Commentary: Dying for the right to vote

The Fort Worth Star-TelegramSeptember 8, 2012 


Bob Ray Sanders is a columnist for the Fort Worth Star-Telegram.

ROSS HAILEY — MCT/Fort Worth Star-Telegram

In Sunday's column I told you the story of a voting box that may have been used in 1870, when Thomas Mundy Peterson became the first black man in the United States to cast a ballot after ratification of the 15th Amendment to the Constitution.

We've come a long way in 142 years, but unfortunately not far enough.

Through the dark years of Jim Crow rule, the agonizing battles of the civil rights movement and the constant struggle not to regress after passage of the Voting Rights Act in 1965, the assault on that basic American right to vote has been persistent -- often disguised as more noble efforts, but discrimination all the same.

In recent years we've seen it in the form of voting intimidation, suppression and dilution of minority communities. Of late, methods of choice chosen by predominantly Republican-controlled legislatures and governors' office have been repressive voter ID laws and wickedly drawn redistricting maps.

On top of that, Texas and several other states are fighting to have Section 5 of the Voting Rights Act declared unconstitutional, which would end the requirement that states with a history of discrimination submit changes in their voting laws for pre-clearance by the Justice Department or federal judges.

Decisions last week by separate panels of federal appeals judges slapped down Texas' retrogressive voter ID law and the state's "discriminatory" redistricting maps for Congress and both houses of the Legislature. Coming within two days of each other, the findings of those judges suggest that Texas should remain one of the states that need oversight of its election process.

Take the voter ID law, for example, which the judges called "the most stringent in the nation."

The Texas law required registered voters to present at the polls one of the following documents bearing a photo: driver's license, identification card issued by the Department of Public Safety, U.S. military ID, U.S. citizenship certificate, U.S. passport or license to carry a concealed handgun issued by the DPS. A college student ID would not be acceptable.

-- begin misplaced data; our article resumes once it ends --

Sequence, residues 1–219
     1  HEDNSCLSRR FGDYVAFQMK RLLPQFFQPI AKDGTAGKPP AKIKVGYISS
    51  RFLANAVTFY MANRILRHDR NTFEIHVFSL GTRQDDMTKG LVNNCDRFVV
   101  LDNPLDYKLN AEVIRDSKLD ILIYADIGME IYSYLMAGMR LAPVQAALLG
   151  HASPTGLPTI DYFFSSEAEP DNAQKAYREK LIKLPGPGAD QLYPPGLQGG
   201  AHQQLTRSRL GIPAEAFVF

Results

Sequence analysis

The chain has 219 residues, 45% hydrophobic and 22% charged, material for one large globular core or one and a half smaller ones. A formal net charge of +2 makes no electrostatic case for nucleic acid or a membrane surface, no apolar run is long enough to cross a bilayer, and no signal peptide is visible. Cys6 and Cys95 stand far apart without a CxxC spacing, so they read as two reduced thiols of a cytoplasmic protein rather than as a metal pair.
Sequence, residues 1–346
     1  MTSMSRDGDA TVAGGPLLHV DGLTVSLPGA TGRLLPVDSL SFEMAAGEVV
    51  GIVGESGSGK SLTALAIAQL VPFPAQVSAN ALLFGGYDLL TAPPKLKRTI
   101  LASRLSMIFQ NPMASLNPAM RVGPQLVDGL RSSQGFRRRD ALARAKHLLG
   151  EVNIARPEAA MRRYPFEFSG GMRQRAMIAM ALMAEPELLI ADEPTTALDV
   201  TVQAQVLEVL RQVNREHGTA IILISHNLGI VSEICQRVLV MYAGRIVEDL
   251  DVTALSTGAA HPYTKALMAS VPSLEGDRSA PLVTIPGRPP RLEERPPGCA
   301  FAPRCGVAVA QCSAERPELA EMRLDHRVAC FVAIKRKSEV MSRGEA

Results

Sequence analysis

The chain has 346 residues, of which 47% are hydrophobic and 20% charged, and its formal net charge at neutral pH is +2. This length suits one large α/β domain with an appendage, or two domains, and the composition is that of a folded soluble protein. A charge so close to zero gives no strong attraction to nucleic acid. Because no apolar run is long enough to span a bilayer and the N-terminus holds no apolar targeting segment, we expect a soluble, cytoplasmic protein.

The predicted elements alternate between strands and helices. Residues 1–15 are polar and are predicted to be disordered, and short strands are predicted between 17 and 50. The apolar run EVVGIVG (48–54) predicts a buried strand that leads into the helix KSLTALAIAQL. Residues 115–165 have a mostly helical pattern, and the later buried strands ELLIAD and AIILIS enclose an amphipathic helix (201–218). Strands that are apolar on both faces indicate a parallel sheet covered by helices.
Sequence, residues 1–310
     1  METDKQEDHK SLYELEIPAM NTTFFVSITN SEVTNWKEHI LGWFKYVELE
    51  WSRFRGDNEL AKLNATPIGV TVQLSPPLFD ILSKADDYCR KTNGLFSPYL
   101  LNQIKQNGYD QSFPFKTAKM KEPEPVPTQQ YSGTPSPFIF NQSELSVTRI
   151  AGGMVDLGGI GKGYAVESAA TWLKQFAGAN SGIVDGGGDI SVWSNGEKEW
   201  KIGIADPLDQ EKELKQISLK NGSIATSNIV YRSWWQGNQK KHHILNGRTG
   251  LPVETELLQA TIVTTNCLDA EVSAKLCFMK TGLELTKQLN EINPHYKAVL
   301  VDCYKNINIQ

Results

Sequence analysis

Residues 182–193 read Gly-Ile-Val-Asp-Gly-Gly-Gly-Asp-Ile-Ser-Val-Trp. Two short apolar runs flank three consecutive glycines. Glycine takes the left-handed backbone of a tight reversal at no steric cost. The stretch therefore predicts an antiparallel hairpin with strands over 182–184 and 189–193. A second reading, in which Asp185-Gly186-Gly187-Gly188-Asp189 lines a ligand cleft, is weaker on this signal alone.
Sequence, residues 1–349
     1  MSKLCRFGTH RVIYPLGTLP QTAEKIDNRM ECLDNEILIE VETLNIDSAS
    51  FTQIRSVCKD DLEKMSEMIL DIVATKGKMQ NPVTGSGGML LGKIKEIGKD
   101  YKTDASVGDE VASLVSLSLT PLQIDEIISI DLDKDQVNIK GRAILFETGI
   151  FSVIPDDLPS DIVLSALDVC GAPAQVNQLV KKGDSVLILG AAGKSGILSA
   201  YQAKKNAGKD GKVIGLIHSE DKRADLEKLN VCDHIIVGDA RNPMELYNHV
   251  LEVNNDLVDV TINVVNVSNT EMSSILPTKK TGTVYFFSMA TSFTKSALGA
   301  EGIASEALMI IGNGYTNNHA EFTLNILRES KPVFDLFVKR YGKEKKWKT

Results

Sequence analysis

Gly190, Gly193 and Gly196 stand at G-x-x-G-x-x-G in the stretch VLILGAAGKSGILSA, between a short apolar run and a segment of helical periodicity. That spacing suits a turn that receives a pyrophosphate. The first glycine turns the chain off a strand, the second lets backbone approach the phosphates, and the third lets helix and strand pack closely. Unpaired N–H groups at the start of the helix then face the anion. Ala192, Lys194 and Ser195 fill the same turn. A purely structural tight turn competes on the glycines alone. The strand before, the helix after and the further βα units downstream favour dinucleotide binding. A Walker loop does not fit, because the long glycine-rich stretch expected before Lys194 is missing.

Through the state's own documentation, the Justice Department was able to show that between 600,000 and 800,000 people registered to vote in Texas didn't have a driver's license, and that 81 counties in the state did not have a DPS office.

These facts didn't go unnoticed by the appeals judges. They pointed out that the people most affected under this law would be the poor, and that a great number of them are black or Hispanic.

Concerning the lack of accessibility to DPS offices, Judge David Tatel wrote: "Even the most committed citizen, we think, would agree that a 200- to 250-mile round trip -- especially for would-be voters having no driver's license -- constitutes a substantial burden on the right to vote."

Noting that under the Texas law many Hispanics and African-Americans who voted in the last election would be unlikely to vote in the next election, Tatel said flatly, "This is retrogression."

Many people in this country believe the intent of this law all along was to keep African-Americans, Latinos, young people, senior citizens and poor people in general away from the polls because they tend to vote Democratic.

But as I've said many times before, they can't keep me from voting, and I'll continue to fight for others' rights as long as I remember the names of those who gave their lives in my lifetime for that precious liberty -- people like Medgar Evers, Viola Liuzzo, Michael Schwerner, Andrew Goodman and James Chaney.

I guarantee you I shall never forget them. So I shall die fighting for what they died for.

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